The purpose of the septic tank is to separate liquid from solids and to provide some breakdown of organic matter in the wastewater. A septic tank is a buried, watertight container made from concrete, polyethylene or fiberglass. In the past, the tank was sometimes made of steel or wood (if you have a steel tank, it is likely rotting and may need replacing). The size of the septic tank will depend upon the size of the house (number of bedrooms) and household water use, with minimum tank volumes ranging from 1,800 to 3,600 L depending on the province or territory. Older tanks may be smaller than those installed today and tanks may have one or two compartments, depending upon when and where they were installed.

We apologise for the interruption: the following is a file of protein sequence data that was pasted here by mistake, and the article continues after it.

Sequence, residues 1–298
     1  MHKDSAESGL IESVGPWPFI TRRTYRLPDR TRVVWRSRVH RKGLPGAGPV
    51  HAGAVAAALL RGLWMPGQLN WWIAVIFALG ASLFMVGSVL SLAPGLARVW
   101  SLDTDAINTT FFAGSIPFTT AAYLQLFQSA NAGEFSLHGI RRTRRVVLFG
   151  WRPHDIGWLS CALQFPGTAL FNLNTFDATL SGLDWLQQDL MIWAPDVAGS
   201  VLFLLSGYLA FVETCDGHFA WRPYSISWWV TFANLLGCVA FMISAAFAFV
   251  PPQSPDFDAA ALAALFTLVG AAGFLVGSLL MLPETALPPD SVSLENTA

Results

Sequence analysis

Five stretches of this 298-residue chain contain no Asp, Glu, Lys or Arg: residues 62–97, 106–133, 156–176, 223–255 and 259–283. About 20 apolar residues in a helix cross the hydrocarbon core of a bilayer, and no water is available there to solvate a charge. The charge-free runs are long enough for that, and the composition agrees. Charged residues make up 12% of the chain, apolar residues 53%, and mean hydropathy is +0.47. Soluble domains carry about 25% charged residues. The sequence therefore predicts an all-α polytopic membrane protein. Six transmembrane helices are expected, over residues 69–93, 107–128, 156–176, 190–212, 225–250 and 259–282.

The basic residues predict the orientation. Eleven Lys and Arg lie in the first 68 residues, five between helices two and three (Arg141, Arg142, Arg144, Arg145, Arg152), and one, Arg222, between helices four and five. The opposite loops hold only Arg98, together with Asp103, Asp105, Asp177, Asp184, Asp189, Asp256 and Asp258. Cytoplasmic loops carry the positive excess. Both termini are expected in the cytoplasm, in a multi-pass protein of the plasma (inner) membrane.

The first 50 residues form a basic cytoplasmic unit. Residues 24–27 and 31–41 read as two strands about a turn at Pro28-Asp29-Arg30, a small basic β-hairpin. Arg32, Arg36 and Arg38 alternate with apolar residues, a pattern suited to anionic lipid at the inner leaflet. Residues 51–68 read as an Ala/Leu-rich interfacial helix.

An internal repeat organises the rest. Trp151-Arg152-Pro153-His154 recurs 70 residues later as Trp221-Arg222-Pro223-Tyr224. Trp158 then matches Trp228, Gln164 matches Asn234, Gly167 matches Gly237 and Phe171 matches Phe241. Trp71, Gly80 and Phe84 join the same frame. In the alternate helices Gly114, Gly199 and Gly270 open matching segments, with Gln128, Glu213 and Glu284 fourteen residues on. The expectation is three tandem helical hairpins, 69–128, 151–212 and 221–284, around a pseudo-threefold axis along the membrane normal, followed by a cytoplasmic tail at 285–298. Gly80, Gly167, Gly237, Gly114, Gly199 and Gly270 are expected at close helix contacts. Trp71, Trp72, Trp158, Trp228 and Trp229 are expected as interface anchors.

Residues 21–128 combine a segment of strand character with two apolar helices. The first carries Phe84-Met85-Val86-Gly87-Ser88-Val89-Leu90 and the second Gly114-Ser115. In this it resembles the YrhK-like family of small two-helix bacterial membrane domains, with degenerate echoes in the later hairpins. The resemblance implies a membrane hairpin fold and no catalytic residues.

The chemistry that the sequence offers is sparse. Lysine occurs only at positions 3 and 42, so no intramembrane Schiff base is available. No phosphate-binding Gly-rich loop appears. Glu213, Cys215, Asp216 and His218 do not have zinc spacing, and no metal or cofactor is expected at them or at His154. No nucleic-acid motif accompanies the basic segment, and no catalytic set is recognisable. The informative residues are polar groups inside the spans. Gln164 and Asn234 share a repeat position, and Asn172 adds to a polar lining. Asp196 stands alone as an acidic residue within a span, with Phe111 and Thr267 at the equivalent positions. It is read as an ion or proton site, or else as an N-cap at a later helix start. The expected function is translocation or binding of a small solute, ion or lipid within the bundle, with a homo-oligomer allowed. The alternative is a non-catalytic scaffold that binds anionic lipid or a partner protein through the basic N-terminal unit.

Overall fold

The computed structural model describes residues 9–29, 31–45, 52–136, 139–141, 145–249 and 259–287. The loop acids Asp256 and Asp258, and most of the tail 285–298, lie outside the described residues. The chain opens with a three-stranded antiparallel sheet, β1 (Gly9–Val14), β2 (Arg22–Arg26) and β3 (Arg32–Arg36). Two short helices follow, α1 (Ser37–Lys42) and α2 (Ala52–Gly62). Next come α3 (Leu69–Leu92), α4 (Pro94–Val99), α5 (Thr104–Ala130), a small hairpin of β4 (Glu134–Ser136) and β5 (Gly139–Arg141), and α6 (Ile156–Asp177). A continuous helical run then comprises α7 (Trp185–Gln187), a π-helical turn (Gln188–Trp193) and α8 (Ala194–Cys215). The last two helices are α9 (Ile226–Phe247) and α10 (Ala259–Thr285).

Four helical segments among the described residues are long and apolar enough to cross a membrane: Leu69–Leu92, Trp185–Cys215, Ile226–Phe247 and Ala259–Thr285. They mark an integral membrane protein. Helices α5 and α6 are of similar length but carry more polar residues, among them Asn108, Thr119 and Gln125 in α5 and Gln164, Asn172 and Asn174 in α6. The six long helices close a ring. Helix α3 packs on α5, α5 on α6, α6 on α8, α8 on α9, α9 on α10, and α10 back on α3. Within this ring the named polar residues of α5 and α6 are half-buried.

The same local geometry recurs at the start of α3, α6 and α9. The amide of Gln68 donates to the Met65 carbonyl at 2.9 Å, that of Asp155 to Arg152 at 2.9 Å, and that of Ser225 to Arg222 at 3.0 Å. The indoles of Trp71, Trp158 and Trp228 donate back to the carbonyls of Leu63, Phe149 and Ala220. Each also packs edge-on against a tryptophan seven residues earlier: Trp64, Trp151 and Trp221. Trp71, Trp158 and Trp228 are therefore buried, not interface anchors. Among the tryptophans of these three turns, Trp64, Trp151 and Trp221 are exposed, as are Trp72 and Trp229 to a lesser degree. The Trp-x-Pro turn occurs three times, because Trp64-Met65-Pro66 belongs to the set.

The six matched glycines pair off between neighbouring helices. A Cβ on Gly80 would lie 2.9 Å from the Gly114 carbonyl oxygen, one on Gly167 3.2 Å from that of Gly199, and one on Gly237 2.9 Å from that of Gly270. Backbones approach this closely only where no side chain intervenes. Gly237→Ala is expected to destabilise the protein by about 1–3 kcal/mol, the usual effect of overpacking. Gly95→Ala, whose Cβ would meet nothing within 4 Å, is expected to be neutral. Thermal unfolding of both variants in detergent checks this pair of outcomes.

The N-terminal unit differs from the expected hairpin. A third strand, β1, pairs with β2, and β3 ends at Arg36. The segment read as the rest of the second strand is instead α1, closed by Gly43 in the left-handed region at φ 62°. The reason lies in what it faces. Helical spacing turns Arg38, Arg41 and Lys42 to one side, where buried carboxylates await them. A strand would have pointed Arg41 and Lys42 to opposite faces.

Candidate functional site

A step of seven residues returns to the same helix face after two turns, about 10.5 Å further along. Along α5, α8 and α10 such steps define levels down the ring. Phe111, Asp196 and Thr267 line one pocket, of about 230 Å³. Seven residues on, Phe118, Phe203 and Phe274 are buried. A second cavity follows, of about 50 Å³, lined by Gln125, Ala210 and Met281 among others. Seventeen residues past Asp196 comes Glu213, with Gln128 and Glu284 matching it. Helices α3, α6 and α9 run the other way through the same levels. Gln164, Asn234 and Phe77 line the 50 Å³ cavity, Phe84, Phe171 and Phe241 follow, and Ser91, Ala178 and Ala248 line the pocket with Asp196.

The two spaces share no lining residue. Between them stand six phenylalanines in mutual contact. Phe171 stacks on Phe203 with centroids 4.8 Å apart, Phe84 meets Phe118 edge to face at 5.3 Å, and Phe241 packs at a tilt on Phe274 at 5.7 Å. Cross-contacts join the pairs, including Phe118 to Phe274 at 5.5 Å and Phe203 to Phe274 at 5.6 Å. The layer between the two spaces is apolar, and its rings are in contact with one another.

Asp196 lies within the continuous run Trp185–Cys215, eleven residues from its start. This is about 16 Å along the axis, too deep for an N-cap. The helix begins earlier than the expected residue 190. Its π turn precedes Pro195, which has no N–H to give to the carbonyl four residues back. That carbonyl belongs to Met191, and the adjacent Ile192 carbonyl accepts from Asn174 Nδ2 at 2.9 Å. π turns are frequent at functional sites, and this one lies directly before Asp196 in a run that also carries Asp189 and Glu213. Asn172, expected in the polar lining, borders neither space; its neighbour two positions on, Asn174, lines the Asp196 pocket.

As wastewater from the house enters the septic tank, its velocity slows allowing heavier solids to settle to the bottom and lighter materials to float to the surface. The accumulation of settled solids at the bottom of the tank is called “sludge” while the lighter solids (grease and fats), which form a mass on the surface, is called “scum”. Anaerobic bacteria, which are always present in wastewater, digest some of the organic solids in the tank. Clarified wastewater in the middle of the tank flows by displacement into the leaching bed for further treatment in the soil layer.
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